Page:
The settlement and its surrounding area are both rich in regional and natural heritage sites. It belongs to the nationally important Gödöllő Hills Nature Reserve. Pécel was once again granted city rights in 1996 having lost them in the middle of the 19th century.
Pécel is a treasury of Neolithic, Copper and Bronze Age archaeological finds. It was first mentioned in a charter in 1338.
The town borders Budapest's District XVII, Rákoscsaba. The Rádays are Pécel's most well known family. Their mansion(kastély), together with the Fáy Mansion (Fáy kastély), is the most well known tourist sights of the town.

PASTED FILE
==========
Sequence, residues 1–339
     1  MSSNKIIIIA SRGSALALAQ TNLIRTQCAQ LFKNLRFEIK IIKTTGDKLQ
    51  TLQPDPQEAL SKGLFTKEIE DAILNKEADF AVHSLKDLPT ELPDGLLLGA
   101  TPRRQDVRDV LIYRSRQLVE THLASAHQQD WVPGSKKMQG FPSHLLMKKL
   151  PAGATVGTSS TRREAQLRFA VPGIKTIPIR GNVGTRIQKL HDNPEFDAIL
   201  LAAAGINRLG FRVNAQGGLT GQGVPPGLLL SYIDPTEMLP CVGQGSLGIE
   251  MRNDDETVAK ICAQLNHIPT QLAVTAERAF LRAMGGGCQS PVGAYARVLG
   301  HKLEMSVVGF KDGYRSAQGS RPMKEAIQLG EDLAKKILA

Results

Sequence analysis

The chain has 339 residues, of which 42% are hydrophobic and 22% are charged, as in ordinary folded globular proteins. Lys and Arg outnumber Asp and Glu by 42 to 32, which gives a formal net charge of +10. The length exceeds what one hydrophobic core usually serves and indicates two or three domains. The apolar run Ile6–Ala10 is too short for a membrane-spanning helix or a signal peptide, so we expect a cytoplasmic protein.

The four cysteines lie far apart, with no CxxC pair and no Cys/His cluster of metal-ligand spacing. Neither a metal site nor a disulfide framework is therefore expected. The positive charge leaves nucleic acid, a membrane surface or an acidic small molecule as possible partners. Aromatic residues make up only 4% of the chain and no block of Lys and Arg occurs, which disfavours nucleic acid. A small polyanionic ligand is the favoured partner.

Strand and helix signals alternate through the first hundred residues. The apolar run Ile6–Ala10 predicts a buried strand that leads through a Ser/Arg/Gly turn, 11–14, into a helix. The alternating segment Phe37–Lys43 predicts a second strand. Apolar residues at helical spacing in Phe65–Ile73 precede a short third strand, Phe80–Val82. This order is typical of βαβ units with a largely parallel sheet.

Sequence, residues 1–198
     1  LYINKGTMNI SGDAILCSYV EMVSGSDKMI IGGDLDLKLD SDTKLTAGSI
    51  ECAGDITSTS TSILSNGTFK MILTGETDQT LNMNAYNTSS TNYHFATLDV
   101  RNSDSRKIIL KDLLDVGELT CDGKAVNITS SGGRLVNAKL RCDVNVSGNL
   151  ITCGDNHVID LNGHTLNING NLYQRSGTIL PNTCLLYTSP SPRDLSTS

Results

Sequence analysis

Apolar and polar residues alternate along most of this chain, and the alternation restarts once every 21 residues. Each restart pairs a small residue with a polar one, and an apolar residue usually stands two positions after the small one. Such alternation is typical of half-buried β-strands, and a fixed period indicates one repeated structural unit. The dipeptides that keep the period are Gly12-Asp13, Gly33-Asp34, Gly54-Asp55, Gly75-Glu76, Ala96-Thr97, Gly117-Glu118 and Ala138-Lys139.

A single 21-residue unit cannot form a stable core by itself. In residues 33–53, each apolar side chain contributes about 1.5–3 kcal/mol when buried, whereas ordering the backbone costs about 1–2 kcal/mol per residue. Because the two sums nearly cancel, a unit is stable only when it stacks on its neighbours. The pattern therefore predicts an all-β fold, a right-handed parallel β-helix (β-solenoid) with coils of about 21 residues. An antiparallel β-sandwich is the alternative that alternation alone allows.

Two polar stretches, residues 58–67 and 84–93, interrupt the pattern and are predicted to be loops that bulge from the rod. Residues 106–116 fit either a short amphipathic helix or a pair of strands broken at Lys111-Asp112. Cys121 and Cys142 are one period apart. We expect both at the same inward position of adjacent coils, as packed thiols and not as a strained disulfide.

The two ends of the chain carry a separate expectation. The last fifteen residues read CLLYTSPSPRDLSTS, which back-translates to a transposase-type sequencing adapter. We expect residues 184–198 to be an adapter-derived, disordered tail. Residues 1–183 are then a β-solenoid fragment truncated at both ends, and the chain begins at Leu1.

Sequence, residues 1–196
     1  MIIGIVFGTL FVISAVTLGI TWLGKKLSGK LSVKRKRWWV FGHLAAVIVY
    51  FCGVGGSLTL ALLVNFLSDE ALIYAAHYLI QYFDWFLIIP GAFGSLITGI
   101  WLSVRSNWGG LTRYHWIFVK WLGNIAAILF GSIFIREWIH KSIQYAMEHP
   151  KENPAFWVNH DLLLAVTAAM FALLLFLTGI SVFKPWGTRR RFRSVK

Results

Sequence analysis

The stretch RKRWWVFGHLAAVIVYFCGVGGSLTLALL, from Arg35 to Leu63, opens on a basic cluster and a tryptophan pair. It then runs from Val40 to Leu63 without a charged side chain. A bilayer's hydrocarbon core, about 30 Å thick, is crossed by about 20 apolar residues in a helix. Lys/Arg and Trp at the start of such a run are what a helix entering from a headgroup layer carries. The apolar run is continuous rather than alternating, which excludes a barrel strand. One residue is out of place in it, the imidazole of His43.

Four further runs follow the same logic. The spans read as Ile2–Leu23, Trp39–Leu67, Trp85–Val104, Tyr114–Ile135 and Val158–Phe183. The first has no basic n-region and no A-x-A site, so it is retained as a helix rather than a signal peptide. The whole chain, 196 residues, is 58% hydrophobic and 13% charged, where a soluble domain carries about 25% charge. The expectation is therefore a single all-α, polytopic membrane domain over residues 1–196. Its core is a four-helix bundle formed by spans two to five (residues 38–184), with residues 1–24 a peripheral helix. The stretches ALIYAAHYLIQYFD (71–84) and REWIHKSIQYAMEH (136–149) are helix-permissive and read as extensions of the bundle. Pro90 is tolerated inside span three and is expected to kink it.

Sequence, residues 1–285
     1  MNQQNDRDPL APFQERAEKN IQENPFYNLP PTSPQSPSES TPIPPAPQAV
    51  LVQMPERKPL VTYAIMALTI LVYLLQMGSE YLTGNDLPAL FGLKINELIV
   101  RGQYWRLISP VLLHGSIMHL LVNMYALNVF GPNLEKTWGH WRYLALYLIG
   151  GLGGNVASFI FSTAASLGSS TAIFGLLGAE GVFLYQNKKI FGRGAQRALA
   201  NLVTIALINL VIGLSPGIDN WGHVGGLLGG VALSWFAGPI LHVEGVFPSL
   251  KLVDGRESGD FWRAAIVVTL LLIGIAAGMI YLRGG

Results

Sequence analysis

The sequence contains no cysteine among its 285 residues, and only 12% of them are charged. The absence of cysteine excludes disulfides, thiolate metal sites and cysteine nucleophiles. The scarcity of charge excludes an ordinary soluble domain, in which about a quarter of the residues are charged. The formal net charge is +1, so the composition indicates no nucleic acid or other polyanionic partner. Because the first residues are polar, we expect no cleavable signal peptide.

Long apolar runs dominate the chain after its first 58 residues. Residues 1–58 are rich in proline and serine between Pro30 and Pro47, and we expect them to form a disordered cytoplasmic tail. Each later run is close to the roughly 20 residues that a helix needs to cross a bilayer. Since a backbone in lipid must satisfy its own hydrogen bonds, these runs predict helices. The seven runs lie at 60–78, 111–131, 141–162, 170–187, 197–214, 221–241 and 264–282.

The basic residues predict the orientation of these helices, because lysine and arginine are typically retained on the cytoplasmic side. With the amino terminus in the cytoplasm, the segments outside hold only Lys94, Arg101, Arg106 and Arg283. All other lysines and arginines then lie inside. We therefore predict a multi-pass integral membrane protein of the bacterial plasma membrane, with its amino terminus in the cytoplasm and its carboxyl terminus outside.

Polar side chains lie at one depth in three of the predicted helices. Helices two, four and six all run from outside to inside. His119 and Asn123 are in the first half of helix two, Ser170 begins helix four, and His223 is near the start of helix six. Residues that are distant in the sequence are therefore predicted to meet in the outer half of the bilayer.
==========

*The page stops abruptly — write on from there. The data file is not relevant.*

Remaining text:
Known as the 'first son' of Pécel, Pál Ráday, Ferenc Rákóczi II's secretary and diplomat, was also editor of the first Hungarian newspaper, the 'Mercurius Veredicus'. The books collected by three generations of the Ráday family form the Ráday Library of the Reformed Church District Along the Danube (Dunamelléki Református Egyházkerület Ráday Könyvtár), which is held in Budapest.